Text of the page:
If we transliterate 'heimosodat', we get - 'heimosodat'! :-) Kahkonen 18:31, 17 May 2006 (UTC)

That's what I mean, there is no transliteration involved. (Well probably you get 'heymowsodet' in standard English but that's just me trying to be clever). Can't we focus on the word "accepted"? Heimosodat is not accepted in English and that's that. I still maintain the title of an article has to mean something in English. By the way, I am told that 'sauna' is the Finnish nominative singular? So there you go, a pure Finnish word accepted in English with no transliteration (different pronunciation of course). 15:39, 18 May 2006 (UTC)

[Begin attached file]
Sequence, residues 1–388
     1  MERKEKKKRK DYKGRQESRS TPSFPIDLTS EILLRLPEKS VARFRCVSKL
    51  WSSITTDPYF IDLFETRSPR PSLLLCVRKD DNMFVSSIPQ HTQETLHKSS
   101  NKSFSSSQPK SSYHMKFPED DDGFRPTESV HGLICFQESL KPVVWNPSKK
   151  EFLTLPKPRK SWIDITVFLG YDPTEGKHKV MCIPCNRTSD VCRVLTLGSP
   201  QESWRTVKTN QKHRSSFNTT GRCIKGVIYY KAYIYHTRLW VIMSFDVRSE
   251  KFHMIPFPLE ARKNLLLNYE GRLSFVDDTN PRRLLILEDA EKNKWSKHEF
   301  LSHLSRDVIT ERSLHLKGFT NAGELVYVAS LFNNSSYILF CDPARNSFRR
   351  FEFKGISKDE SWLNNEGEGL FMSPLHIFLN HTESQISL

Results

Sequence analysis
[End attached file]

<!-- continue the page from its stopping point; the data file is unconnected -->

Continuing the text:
Radiosomaggismo, Totenkopfring, Repartimiento, Rampjaar ~ trialsanderrors 17:57, 18 May 2006 (UTC)
WP:UE: If there is no commonly used English name , use an accepted transliteration of the name in the original language.. Lets see: (1) there is not commonly used English name -> (2) the name in the original language: "heimosodat" -> (3) transliteration: "heimosodat" (strike, because: Latin-alphabet languages, like Spanish or French, should need no transliteration) -> (4) Articles name: Heimosodat. Kahkonen 20:45, 18 May 2006 (UTC)
The above discussion is preserved as an archive of the debate. Please do not modify it. Subsequent comments should be made in a new section on this talk page. No further edits should be made to this section.

About the name, again[edit]